By A. Morton Smith, Hobbies, September, 1944, pp. 24-25.
The CIRCUS has been plagued by fires, wrecks, wind and rain storms and other deterrents since its earliest days as a tented traveling amusement enterprise, and these hazards have oft made the tradition “the show must go on,” difficult to uphold.
Demon fire has on a score of occasions in 165 years of American circus history, dealt severe blows to circus caravans.
But there has been no such tragic page in circus history as was written in Hartford, Conn., on July 6 of this year, when more than 150 persons, half of them young children, perished in flames which reduced to ashes, the gigantic big top of Ring-ling Brothers and Barnum & Bailey Circus.
The mortality of all the other fires of circusdom combined, pales into insignificance as compared with the Hartford toll. And while violent death is tragic in any sense, the fact that all who succumbed in this catastrophe were amusement seeking spectators, etches more deeply the tragedy of the incident.
Impulsively there have been public officials, newspaper editors and individual spokesmen, shocked by the catastrophe, who have predicted that the Hartford fire may be the death knell of the circus as an amusement institution.
They undoubtedly shared the feeling of the editor of one Connecticut newspaper, who wrote:
“For people in all of Connecticut, the word ‘circus’ has lost forever its connotations of gladness and diversion. What used to be an oasis in a busy world engrossed in care, brings a shudder of horror and a shadow of sorrow.”
But the same editorial carries this observation:
“There is no thrill in the world equal to juvenile anticipation for circus day and youthful excitement of trying to keep up with the doings of a three-ring performance. There is no parental gratification more pleasant than sharing this thrill with one’s offspring. Circus day has been a perennial treat for youngsters and oldsters alike.”
And looking to the future, the editor concludes: “Circus day has meant too much for too long to be banished from the sphere of childhood’s joys.”
Out of the tragedy undoubtedly will come precautions that will prevent such a holocaust, although hundreds of millions of circus goers have witnessed the performances of more than 1,000 circuses which have toured these United States since the first circus exhibited in 1790, without being imperiled in such a manner by a big top fire.
It is a foregone conclusion that there will be developed and employed, a dual treatment for canvas to waterproof and fireproof the fabric, thus eliminating the peril of fire in the exhibition tent.
And it is obvious that ways and means of providing exits from circus tents for all patrons minus the hazards of impeding equipment and rigging will be worked out by circus technicians.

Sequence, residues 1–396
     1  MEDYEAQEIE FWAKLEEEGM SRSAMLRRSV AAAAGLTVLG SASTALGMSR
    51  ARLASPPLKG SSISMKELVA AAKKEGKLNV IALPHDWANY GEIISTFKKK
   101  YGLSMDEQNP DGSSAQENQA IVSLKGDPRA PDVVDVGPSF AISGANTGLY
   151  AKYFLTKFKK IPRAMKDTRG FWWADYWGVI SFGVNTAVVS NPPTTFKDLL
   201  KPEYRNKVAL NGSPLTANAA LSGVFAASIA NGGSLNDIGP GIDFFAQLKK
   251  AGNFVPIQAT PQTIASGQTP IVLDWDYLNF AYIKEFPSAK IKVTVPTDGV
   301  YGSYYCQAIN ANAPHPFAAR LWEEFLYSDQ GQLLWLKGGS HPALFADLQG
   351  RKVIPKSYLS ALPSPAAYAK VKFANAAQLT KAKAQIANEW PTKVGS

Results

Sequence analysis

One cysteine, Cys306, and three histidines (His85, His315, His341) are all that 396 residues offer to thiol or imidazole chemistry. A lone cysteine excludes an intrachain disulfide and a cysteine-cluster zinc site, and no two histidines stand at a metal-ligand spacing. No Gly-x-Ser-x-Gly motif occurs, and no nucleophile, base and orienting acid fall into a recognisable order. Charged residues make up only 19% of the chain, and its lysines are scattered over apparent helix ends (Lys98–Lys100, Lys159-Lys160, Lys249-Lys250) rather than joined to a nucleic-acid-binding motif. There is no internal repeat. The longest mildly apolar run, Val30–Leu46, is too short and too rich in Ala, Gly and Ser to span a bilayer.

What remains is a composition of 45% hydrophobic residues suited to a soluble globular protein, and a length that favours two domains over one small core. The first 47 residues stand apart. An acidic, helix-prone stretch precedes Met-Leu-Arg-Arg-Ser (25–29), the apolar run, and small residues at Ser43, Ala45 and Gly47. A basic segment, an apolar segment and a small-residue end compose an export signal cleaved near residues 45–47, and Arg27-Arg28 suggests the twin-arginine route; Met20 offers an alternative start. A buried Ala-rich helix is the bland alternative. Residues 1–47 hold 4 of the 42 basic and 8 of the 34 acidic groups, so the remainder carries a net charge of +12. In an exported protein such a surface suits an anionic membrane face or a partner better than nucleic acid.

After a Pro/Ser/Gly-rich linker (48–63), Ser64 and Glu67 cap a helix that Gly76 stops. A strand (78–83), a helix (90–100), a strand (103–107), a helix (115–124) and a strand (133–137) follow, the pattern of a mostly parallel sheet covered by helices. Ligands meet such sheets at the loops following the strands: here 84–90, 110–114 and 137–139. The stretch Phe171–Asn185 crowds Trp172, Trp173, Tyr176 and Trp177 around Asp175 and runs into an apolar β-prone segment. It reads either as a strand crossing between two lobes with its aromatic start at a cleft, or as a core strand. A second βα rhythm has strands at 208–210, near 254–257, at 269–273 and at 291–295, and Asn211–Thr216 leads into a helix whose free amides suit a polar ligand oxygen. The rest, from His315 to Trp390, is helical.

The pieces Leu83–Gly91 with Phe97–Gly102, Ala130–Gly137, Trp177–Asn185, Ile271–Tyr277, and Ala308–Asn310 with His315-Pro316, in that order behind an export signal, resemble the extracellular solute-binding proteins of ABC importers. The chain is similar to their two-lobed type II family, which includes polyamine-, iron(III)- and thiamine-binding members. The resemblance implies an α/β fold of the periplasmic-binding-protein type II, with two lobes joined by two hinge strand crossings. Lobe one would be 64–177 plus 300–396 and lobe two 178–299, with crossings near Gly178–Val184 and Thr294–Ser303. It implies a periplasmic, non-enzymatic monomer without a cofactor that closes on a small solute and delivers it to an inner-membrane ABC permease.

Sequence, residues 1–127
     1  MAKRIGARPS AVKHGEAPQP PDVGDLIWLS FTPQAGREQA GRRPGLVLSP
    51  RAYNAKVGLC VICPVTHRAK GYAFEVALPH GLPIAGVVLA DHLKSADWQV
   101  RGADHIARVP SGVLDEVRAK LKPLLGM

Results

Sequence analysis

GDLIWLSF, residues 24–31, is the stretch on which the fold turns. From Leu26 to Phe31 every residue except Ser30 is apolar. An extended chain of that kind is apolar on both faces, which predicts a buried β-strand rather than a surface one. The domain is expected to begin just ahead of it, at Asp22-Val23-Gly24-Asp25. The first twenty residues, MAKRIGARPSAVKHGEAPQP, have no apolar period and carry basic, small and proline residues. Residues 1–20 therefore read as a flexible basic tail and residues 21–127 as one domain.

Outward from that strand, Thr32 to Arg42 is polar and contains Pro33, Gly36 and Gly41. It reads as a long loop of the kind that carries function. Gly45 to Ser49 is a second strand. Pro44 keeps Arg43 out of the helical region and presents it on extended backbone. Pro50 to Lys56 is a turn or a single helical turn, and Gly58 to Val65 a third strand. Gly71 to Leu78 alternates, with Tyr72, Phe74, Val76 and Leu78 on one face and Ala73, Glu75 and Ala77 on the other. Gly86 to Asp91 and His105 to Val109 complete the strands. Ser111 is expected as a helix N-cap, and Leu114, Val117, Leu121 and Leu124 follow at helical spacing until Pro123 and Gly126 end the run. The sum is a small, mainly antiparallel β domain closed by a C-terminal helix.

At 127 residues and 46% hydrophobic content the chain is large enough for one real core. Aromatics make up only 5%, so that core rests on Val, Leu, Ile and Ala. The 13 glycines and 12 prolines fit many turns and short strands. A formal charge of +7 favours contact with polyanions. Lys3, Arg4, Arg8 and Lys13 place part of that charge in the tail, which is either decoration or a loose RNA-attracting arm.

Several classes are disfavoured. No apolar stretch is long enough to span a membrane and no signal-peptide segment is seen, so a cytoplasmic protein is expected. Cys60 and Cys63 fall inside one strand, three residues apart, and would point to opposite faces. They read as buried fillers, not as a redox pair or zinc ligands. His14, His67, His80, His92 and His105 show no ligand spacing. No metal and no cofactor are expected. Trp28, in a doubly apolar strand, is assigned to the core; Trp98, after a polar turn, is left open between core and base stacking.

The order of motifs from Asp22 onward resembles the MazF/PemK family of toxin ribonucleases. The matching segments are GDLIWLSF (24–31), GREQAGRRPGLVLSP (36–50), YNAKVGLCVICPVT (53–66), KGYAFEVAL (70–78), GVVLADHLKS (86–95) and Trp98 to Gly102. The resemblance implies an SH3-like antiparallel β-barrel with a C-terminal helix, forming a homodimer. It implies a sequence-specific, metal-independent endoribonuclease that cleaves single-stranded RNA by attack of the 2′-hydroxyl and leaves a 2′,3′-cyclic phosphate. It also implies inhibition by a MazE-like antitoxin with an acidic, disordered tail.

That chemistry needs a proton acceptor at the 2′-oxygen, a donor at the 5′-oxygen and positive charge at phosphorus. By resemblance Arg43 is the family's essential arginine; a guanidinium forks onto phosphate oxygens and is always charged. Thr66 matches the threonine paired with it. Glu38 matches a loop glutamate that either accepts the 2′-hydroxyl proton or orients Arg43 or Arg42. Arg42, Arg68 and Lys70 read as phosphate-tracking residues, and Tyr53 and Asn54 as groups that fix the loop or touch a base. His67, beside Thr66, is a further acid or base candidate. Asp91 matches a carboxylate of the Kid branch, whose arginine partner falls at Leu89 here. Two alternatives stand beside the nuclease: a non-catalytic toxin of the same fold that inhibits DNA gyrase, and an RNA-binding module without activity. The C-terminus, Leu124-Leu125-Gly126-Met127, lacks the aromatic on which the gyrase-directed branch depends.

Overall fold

The circus has long been a miracle of organization, detail and exactness in the handling of great expanses of canvas, huge seating arrangements and a maze of aerial and ground rigging on which hundreds of performers exhibit their skill, daring and artistry.
And there is no reason to believe that the gifted technicians who have invented, constructed and managed the magic circus caravans – here today and elsewhere tomorrow – shall not come through with ingenious methods of contributing to the safety of patrons from the youngest kiddies to the oldest adults who thrill to the charms of circus day. It is a challenge that undoubtedly will be met and met quickly.
As a matter of record for circusiana collectors, appended herewith are brief details of the important fires in circus history preceding the “Hartford conflagration:
February 3, 1838. Thomas Cooke Circus destroyed by fire which razed the Front Street Theatre in Baltimore, Md.
July 5, 1866. Seth B. Howes Circus lost 10 horses in stable fire in Newburg, N. Y.
December 24, 1872. P. T. Barnum’s Circus, Museum and Menagerie destroyed by fire.
December 20, 1873. Adam Forepaugh Circus quarters destroyed at Germantown, Philadelphia, Pa.
November 1, 1887. Barnum & London winter quarters burned at Bridgeport, Conn.
Febmary 30, 1888. W. H. Stowe’s circus destroyed along with the steamer “Golden City” on which it was being transported, at Memphis, Tenn. Mr. and Mrs. Stowe, owners, and a third member of the circus lost their lives.
Season of 1889. Terrell Bros. Circus lost 20 horses, burned to death on a ferry-boat which caught fire at Oquawka, Ill., as the show was crossing the Missouri river.
January 19, 1900. Barnum & Bailey winter quarters at Bridgeport, Conn., damaged by fire.
August 5, 1901. Ringling Brothers side-show tent destroyed at Kansas City, Mo.
May 21, 1910. Barnum & Bailey big top burned at Schenectady, N. Y., with 15,000 spectators in attendance at matinee performance.
August 12, 1912. Ringling Bros. big top destroyed by fire on fairgrounds at Sterling, Ill., just before matinee was scheduled. No one hurt.
May 26, 1914. Ringling Bros, lost 43 railway cars which burned at Cleveland, Ohio, with a loss of $65,000.
October 28, 1916. Ringling Bros. baggage horse tent burned at Huntsville, Ala. Forty horses burned to death, 40 had to be killed, loss $25,000.
June 22, 1932. John H. Sparks circus private car, occupied by Manager Charles Spark, burned at Munising, Mich.
February 2, 1924. Ringling Brothers and Barnum & Bailey winter quarters at Bridgeport, Conn., had a $100,000 fire loss.
October 8, 1925. Miller Bros. 101 Ranch Wild West show lost two sleeping cars in fire at Gainesville, Ga.
September 26, 1936. Hagenbeck-Wallace circus had $75,000 winter quarters fire at Peru, Ind.
February 20, 1940. Cole Bros, winter quarters fire destroyed two elephants, eight cages, several parade wagons at Rochester, Ind., with $150,000 loss.
August 4, 1942. Ringling Bros. & Barnum & Bailey circus menagerie tent burned at Cleveland, Ohio, destroying 40 costly animals.